Modern GPS systems allow precision planting of orchards. There are companies that will contract with you to mark the exact spot for each tree according to your planned spacing and tree arrangement.
Plant trees anytime from fall through spring, as soon as possible after you receive them from the nursery. Don’t let the tree roots dry out before planting. The earlier a tree is planted, the more time it has to develop a working root system before it leafs out in the spring. Root growth is active in January and February whenever soil temperatures are 40°F (4.5°C) or higher.
Before planting, prune off the ends of broken roots. On trees propagated from stool beds or layers, remove any of the original layered wood remaining below the main area of rooting.
Dig holes for the trees 18–24 inches (45.7–61 cm) wide and 10–12 inches (25.4–30.5 cm) deep. Partially fill the hole with a small mound of soil. Digging in wet ground with a power auger might cause compaction on the sides of the holes. If this happens, loosen the compacted area.
Spread the tree roots out, and press them down into the bottom of the hole on top of the small mound of soil. Add enough soil so the top root is 2–3 inches (5.1–7.6 cm) below the soil surface. Then add a few extra inches to allow for settling of the soil. If you are planting a grafted tree, do not bury the graft union. Tamp the soil firmly on top of the roots to exclude air pockets.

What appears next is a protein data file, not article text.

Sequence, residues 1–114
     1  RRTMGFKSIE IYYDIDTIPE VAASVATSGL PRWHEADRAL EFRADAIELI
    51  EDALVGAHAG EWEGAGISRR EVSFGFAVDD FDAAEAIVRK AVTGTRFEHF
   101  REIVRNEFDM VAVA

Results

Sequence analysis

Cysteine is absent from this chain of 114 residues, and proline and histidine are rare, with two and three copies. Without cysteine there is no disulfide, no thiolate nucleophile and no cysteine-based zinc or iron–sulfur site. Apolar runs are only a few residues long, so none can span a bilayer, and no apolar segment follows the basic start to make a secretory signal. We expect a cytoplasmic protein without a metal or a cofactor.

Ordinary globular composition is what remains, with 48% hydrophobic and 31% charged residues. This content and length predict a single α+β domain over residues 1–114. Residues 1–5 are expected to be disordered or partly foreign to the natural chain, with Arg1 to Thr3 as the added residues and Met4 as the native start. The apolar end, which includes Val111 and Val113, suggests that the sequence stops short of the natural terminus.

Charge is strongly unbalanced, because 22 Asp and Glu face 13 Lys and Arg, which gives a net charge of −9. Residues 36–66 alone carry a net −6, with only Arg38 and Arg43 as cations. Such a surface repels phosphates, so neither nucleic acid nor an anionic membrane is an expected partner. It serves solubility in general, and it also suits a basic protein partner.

It is never too early to start leveling the soil throughout the orchard to make flailing and harvesting operations easier.
During planting, considerable portions of the roots are lost, and the tree’s water-absorbing capacity is reduced. If trees are not cut back, their root systems might not be able to provide sufficient moisture to replace moisture lost by transpiration. Consequently, tree growth might slow, or the tree might die.
After you plant the trees, prune back the tops, leaving a trunk 30–36 inches (76–91.4 cm) tall. If trees are branched, cut the laterals (side branches) back to a few buds, or remove all laterals. This top reduction should offset root damage that occurred during digging and handling. After pruning each tree, sterilize pruning tools with 70% ethyl alcohol to prevent the spread of bacterial blight.
In the first few seasons after planting, the trunks of young hazelnut trees are susceptible to sunscald, especially near the surface of the soil or mulch. Painting the trunks once per season for the first 2 years with a 50%–70% solution of white, water-based, exterior latex paint will provide ample sun protection. To make a 70% solution, mix seven parts paint with three parts water. Don’t use lead-based paints.
Paint the trunk so the reflective white surface is below the soil level. Mulch often settles, leaving an unpainted section of the bark near the soil line, and this section is more susceptible to sunscald. You can also tie tree protectors loosely around the trunks to protect against sunscald and chemical contact.
It is best to water young trees in the summer for the first 2 years. Use sawdust or compost mulch about 3–4 inches (7.6–10.2 cm) deep around young trees to suppress weed growth and preserve soil moisture. Mulches with high organic matter can reduce the effectiveness of certain herbicides; therefore, apply soil-residual herbicides before mulching.
Many Oregon State University Extension publications on hazelnut production are available through the OSU Extension Catalog: